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Austin Sanitation Workers Featured in ‘Trash Dance’ Documentary

by Jon Melegrito  |  April 02, 2012

Trash Dance
A scene from Trash Dance. (Photo courtesy of Andrew Garrison)

How can a garbage truck dance? And how do you convince trash collectors that there’s beauty and grace in their movements?

These questions occurred to choreographer Allison Orr as she watched sanitation workers in Austin, Texas one day. She came up with the idea of a dance performance and approached employees of the City of Austin’s Department of Solid Waste – all members of AFSCME Local 1624 – and convinced them to collaborate with her.

After months of rehearsals in between shifts and second jobs, they put together an extraordinary dance spectacle: 16 garbage trucks and 24 sanitation workers set into elegant motion on an abandoned airport runway that moved and inspired an audience of thousands.

Dubbed Austin’s “best art event” last year, the story behind the collaboration was filmed by independent filmmaker Andrew Garrison who titled the documentary, Trash Dance. He followed Orr and the sanitation workers on their daily routes for eight months, listening to their concerns and hearing about their families.

“For so many of us, this work is invisible,” said Garrison. “We only notice when a truck is in our way as we drive to work or if something has spilled on the street. Through the film you meet and really get to enjoy the people at work every day for us. I have had people in test screenings and web screenings say things like, they really appreciate their trash collectors now, and how it makes them feel proud, and how this film could be something important in places where public employees are under attack.”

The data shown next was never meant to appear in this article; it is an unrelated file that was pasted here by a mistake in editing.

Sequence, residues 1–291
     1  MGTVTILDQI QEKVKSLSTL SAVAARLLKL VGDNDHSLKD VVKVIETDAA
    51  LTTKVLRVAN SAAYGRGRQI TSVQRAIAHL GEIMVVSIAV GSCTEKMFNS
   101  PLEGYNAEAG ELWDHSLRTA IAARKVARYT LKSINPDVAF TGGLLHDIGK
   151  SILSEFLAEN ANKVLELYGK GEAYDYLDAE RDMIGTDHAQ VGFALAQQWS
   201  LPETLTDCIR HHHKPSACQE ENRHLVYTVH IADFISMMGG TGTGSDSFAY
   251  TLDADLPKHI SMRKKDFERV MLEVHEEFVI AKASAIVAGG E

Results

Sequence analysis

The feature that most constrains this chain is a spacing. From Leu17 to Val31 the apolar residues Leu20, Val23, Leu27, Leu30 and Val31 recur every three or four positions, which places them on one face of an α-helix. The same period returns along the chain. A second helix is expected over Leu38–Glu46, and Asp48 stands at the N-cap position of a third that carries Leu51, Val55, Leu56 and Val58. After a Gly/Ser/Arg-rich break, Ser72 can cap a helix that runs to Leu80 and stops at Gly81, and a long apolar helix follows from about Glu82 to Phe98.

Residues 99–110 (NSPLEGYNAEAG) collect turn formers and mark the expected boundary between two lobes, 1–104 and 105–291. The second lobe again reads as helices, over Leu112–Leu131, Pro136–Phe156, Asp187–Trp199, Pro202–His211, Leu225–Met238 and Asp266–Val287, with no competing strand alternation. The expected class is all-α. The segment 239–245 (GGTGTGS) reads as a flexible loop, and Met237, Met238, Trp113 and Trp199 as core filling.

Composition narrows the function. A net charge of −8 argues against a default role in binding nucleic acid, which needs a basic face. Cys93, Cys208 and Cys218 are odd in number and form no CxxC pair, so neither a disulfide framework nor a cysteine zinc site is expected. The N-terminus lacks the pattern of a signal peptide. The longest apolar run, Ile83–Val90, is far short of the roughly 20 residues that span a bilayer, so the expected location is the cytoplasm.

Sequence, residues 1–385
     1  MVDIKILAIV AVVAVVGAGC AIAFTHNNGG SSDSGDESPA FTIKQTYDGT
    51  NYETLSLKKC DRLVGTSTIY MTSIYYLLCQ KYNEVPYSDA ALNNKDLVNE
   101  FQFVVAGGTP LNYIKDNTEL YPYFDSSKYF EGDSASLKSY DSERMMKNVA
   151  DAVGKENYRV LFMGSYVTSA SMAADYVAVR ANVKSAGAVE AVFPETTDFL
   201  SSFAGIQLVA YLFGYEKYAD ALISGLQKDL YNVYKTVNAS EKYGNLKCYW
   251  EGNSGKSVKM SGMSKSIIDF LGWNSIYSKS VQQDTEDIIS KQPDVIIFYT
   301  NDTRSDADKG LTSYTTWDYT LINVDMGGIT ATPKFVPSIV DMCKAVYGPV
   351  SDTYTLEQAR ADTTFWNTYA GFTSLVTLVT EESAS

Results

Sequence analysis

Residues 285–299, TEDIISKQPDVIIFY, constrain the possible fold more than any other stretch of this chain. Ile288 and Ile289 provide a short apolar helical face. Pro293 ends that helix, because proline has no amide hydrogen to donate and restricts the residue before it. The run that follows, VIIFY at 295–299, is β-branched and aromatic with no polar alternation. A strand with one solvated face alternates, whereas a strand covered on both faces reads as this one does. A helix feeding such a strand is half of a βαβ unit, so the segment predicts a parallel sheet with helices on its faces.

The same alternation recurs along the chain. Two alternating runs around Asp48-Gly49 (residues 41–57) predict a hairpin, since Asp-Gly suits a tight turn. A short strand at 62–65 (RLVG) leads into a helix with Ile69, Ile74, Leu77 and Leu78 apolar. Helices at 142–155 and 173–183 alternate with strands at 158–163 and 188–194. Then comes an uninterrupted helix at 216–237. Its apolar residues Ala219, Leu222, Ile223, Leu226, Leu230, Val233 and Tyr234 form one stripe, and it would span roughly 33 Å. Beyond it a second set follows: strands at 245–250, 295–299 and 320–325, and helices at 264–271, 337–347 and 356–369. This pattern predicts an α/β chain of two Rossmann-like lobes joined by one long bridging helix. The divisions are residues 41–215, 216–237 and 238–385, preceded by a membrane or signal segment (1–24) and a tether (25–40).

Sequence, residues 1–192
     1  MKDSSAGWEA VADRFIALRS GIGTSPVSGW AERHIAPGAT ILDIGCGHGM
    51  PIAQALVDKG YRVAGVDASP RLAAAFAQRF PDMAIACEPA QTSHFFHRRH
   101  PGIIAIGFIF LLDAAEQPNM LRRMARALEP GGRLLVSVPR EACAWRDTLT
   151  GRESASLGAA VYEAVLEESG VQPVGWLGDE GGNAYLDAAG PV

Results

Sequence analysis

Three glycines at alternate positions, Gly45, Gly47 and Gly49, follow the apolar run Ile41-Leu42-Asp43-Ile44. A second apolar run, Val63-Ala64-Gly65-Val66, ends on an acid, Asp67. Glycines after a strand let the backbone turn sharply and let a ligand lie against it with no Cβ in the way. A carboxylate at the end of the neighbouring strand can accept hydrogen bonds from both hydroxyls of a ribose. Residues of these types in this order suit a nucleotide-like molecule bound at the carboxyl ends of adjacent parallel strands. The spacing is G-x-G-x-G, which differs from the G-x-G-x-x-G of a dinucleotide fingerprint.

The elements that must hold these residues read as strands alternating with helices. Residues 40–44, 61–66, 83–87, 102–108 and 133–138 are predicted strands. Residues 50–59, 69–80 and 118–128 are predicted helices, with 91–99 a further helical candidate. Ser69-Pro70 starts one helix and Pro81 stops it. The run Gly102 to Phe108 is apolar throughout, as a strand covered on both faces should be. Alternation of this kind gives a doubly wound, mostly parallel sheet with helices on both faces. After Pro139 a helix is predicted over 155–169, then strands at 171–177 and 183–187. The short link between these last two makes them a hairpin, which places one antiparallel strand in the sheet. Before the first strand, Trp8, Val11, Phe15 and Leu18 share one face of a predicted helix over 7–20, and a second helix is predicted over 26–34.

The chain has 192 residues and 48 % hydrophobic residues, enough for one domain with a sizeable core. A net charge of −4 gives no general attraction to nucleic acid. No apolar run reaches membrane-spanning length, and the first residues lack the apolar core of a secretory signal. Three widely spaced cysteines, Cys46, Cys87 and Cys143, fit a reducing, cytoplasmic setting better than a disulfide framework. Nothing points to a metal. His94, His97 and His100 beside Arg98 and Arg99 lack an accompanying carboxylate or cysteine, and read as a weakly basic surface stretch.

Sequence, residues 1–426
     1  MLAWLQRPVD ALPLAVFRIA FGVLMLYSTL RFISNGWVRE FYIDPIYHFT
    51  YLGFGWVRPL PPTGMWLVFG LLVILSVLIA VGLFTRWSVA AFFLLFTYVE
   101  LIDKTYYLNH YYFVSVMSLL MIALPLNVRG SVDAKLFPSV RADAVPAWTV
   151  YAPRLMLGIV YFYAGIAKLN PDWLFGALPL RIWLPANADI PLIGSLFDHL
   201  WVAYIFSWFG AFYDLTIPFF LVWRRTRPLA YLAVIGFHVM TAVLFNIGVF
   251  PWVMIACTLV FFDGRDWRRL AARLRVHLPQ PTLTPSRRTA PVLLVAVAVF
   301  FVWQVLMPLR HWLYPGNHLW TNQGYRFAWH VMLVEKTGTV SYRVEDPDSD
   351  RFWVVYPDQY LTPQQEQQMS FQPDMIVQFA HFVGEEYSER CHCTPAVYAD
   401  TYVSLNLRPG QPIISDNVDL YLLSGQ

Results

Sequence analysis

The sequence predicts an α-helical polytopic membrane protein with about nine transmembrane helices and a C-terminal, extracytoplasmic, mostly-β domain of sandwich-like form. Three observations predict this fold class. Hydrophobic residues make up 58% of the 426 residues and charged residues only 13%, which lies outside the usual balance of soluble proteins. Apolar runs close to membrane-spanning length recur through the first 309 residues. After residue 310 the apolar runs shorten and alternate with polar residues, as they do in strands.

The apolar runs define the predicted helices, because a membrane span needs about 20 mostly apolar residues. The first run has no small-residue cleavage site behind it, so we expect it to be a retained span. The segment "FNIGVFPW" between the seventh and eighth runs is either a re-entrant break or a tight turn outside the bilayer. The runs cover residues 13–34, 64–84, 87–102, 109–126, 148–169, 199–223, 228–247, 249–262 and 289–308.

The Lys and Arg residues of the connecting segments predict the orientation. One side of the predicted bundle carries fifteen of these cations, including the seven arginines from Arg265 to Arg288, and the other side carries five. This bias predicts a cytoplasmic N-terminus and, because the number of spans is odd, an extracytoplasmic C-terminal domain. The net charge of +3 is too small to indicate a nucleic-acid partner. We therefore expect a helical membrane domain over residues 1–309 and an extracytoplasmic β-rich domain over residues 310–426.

Recalling her own experience with an overnight crew on a trash and recycling route, Orr said she learned a lot about the day-to-day work of Austin’s unsung heroes – the men and women who keep our city clean, who are used to being ignored or looked down upon when on the job, and whose voices are rarely heard.

Virginia Alexander, a member of Local 1624, was among the two dozen workers who volunteered for the project.

“I participated because I want to help the city understand the importance of the work we do,” said Alexander, 50, who has been driving a trash truck for 16 years. “Most of the time people just complain. Now I get good vibes from folks every time I do my rounds. It may be a dirty job, but I’m proud of the service we provide to the city.”

The “Trash Project” was meant to honor and celebrate the hard work and dignity of Austin’s sanitation workers. The film had its world premiere at the famed South by Southwest Film Festival in Austin last month.

See the Trash Dance film trailer here:

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